And speaking of taxes, what are the candidates positions on the estate tax? As I posted previously, Obama favors freezing the estate tax at the 2009 level ($3.5 million exemption, 45% rate), whereas McCain's plan is for a $5 million exemption and a 15% rate, which matches the capital gains tax rate.

A major issue, on which both candidates seem to agree is portability. Basically, it means that married couples could use their spouse's exemption in their estate. This was reported on in yesterday's Wall Street Journal. Here's how it would work: Currently, each spouse's estate gets an exemption (for 2008 it is $2 million, increasing to $3.5 million in 2009) before the estate tax is assessed. When one spouse dies, and they leave their estate to the surviving spouse, it passes free of taxes (note: this is for opposite-sex spouses only at the federal level, courtesy the Federal Defense of Marriage Act.) to the surviving spouse. The surviving spouse, however, only gets to use their exemption. For example, if Husband dies and leaves his $2 million estate to Wife, and Wife has an estate of her own of $2 million, she will now have an estate of $4 million, but currently only a $2 million exemption. If Wife were to die this year, she would have estate tax exposure on the $2 million she inherited from her Husband. With portability, she could use her husband's $2 million exemption and avoid estate tax exposure. This would make estate planning somewhat less complex for opposite-sex married couples.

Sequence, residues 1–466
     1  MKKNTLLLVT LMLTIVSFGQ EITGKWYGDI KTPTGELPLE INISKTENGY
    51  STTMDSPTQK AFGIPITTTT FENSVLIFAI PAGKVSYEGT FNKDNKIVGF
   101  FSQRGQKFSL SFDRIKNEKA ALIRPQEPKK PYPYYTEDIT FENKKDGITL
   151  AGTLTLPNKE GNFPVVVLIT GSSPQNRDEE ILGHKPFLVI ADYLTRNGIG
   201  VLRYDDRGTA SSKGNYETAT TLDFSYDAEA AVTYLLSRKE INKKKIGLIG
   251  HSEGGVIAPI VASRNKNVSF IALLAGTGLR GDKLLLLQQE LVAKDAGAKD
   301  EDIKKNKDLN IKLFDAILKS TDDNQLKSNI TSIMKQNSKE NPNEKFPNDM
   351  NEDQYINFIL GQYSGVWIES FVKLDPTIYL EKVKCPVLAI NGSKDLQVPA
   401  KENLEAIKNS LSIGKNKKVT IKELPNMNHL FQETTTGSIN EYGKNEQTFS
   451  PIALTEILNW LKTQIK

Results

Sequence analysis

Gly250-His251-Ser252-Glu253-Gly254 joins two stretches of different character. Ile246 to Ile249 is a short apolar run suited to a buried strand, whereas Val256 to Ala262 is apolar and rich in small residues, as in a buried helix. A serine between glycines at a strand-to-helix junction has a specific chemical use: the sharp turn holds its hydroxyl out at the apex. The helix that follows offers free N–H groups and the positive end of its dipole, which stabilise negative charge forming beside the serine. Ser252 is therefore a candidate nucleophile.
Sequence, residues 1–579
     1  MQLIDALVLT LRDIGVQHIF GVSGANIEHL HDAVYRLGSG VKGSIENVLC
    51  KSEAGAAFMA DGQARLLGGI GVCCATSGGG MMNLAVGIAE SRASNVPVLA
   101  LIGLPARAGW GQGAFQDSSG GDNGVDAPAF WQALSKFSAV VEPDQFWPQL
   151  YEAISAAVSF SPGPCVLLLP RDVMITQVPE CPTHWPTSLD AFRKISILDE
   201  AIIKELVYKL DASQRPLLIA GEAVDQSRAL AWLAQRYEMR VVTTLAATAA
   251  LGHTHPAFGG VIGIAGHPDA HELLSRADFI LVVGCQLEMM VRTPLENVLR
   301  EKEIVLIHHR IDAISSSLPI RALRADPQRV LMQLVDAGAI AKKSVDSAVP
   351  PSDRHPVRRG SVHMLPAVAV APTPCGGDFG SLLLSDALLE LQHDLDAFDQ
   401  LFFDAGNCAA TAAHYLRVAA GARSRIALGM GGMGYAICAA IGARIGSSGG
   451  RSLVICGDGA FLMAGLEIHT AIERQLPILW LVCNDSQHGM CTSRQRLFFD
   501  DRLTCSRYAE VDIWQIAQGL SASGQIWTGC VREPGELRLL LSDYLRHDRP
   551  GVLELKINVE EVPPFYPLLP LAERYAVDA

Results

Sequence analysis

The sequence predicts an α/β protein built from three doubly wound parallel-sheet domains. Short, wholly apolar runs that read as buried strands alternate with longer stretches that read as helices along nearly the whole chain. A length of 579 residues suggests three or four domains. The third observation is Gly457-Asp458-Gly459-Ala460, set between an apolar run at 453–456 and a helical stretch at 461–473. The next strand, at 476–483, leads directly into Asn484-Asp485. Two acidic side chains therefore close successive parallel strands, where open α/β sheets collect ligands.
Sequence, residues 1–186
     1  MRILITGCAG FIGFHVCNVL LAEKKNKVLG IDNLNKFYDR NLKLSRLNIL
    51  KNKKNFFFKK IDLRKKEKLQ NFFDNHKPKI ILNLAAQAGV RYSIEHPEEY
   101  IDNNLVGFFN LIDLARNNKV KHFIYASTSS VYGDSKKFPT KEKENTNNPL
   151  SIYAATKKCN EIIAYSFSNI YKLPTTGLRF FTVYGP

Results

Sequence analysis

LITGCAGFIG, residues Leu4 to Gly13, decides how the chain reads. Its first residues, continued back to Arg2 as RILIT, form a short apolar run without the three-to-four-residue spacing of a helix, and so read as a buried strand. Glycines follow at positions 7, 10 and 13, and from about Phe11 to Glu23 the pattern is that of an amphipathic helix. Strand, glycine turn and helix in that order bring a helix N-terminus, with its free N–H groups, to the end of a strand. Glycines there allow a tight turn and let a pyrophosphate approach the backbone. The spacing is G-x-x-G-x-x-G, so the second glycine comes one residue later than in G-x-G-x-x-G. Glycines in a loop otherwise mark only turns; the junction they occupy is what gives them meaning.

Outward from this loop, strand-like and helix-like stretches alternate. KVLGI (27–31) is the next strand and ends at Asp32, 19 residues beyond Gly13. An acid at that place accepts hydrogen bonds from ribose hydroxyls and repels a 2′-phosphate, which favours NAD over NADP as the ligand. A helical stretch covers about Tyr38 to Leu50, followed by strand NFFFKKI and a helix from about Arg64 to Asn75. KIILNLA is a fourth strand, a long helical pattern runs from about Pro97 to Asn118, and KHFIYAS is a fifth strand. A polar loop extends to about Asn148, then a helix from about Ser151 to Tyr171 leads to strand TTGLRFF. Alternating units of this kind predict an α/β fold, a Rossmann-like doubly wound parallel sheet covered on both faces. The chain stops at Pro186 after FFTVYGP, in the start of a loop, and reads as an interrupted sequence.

The primary purpose of estate planning should not be tax avoidance, but in reality, it plays an major role. Even with portability, there are many non-tax reasons for trusts of various complexity. That's a post for another time.

Friday, October 10, 2008

Forfieted Deposit as Damages in Failed Probate Sale

In Estate of Felder, the California Second Appellate District upheld the award of $48,000 as damages for a buyer's withdrawal from the purchase of real property in a probate sale. The $48,000 was the amount of the buyer's deposit.

California Probate Code section 10350 allows the seller to recover damages from a buyer who pulls out of a transaction involving real or personal property after the court has approved the sale. The damages can include the difference between the original buyer's purchase price and the price the property later sold for, plus expenses made necessary by the purchaser's breach, and other "consequential" damages. The court here held that the first buyer's breach caused a total of over $55,000 in damages. The court ordered that the buyer forfeit his $48,000 to cover the damages caused by the breach, even though the actual damages were higher.

The buyer appealed, claiming that the court had no authority to order the forfeiture of the deposit. The Court of appeals upheld the lower court's order, noting that "The estate was entitled to retain the entire $48,000 as statutory damages and not as a deposit."

If you are involved in a probate sale of real property, you can get damages if your buyer withdraws after you have received court approval of the sale. If you are buying property subject to a probate court approval, BEWARE, you could be on the hook for serious damages if you cancel after the court has approved the sale.

Tuesday, October 7, 2008

Estate Planning During Economic Catastrophe

I'm not an alarmist, but like you, loyal readers, I'm a little freaked by all the economic news. On the TV last night I watched esteemed economics professors using phrases like "classic bank run." And this was on News Hour on PBS!

So, what does this have to do with estate planning? Well, during times like this, you might be inclined to put your estate plan on the back burner. Don't. Here's why: your need for an estate plan doesn't go away because of economic uncertainty. If you don't have a plan, you should still get one. If you do have a plan that is out of date, you should still get it updated.

The fact is that estate plans can be expensive, and during times like these, you probably want to hang on to as much cash as you can for security. Here are some tips for keeping as much of that cash as possible, while still getting a plan in place:

Get a Will Instead of a Trust